Dionysus & the Anthesteria, Festival of Love & Death

Bonnie Sklarski, "Dionysus"

Bonnie Sklarski, “Dionysus”

“We are mortals. It’s not possible for us to maintain that peak of pure experience, of divine joy, indefinitely. Some try and manage an intimacy with him which most can only dream of–but even the greatest mystic must eventually come down from the mountain and walk amid the mortal world. And for some this can be a sad and disheartening experience. But it needn’t be–in fact, it shouldn’t be. Because Dionysos is no world-denying, body-hating ascetic contemptuous of the commonplace, dreaming of a fantasy land that doesn’t exist. His world is here, now, and he recognizes no dichotomy–and in fact tears down all barriers which might impede the flow of life and spirit.

“The goal of the Dionysian is not to have great mind-blowing trips, to cultivate strange powers and unique experiences like notches on a belt, with all the time between as this dull, dismal interlude to real existence. Rather, the purpose of the true Dionysian is to resist such spiritual dilettantism and to work a much more subtle and powerful form of magic than the maenads of old did when they drew fountains of wine from the earth or tore apart wild bulls with their bare hands. Our task is to gradually transform consciousness, to awaken ourselves to an awareness of the world as it truly is, to its beauty and complexity and contradictory nature, the inherent rhythm of creation and destruction which beats through the hearts of all living things. This pulse is so omnipresent that we often cannot hear it, since it has been with us from the moment we drew our first breath and before that even.”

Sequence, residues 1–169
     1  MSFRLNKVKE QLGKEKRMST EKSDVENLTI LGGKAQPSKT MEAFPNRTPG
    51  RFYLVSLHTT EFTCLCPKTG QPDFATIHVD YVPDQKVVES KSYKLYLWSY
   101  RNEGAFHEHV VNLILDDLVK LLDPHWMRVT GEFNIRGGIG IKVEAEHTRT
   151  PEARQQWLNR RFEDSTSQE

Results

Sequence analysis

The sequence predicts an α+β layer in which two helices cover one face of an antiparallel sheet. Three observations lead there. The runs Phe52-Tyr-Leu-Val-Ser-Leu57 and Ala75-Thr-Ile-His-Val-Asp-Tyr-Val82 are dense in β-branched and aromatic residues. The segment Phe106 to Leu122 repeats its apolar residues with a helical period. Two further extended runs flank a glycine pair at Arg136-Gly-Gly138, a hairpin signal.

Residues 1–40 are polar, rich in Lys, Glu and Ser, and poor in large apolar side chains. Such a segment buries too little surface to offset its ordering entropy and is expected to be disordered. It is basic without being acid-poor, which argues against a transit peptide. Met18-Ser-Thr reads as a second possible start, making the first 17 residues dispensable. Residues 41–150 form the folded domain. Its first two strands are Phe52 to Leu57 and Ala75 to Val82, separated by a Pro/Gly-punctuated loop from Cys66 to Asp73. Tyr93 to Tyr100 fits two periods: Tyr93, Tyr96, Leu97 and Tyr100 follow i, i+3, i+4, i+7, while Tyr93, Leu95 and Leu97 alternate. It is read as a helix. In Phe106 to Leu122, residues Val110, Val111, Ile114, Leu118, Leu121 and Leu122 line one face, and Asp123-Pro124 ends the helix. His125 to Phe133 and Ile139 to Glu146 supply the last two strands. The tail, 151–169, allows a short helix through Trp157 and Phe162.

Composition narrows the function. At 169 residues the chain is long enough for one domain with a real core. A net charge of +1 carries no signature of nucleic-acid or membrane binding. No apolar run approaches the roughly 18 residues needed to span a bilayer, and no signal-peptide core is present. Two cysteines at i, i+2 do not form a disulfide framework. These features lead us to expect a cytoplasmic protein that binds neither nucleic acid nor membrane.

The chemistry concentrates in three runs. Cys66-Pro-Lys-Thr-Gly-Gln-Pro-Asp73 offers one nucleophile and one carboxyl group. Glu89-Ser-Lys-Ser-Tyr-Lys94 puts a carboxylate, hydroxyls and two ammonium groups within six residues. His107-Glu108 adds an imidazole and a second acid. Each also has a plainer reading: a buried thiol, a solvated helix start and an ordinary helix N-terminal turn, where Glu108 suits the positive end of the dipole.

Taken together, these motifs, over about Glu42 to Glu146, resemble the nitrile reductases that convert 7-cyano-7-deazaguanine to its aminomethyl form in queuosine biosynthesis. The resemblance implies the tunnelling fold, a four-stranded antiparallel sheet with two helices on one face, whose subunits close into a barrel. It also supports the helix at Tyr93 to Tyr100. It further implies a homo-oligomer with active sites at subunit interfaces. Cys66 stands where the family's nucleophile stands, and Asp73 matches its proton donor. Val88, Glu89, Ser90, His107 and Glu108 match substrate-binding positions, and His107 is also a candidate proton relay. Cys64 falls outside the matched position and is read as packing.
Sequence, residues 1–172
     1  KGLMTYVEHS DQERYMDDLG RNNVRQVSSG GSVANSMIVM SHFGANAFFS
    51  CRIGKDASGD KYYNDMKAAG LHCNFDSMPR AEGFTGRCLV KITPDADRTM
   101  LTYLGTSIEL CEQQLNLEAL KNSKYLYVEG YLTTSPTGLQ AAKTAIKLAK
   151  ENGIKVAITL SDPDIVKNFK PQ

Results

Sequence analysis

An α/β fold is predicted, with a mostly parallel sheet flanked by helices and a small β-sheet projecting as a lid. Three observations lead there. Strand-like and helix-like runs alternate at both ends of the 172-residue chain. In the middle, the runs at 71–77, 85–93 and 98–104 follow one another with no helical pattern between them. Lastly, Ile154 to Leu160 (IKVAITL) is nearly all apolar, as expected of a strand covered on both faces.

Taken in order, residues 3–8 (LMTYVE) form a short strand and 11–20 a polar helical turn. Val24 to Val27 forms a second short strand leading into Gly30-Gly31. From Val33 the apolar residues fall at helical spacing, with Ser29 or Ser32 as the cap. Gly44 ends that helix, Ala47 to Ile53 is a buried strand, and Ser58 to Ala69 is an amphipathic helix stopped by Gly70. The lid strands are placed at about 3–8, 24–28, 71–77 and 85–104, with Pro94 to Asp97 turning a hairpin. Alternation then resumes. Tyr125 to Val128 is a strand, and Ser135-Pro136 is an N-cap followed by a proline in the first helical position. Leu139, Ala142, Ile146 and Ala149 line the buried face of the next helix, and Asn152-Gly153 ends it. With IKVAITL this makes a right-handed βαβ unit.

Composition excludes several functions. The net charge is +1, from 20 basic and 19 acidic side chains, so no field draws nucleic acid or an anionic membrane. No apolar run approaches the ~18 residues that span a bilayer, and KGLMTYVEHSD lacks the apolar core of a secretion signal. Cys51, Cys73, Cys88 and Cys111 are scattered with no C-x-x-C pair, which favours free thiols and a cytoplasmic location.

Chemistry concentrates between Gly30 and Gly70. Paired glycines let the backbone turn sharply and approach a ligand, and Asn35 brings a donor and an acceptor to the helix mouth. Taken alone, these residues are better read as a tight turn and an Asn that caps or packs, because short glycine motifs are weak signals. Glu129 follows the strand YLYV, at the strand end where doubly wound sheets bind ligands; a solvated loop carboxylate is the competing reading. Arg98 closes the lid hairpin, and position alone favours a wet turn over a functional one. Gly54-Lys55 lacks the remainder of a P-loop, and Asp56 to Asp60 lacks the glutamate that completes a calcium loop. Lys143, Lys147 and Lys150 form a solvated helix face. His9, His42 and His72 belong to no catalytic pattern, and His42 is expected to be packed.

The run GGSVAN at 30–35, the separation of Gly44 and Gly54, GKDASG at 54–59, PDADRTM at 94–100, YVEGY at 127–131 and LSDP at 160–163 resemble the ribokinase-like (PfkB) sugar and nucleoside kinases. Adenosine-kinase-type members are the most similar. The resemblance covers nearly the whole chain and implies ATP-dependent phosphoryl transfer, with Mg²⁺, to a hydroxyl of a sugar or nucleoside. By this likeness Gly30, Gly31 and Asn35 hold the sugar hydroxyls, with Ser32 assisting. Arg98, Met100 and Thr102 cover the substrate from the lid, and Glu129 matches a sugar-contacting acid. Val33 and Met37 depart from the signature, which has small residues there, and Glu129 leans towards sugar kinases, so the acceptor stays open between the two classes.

Sannion, “Meditations on the Dionysian Life”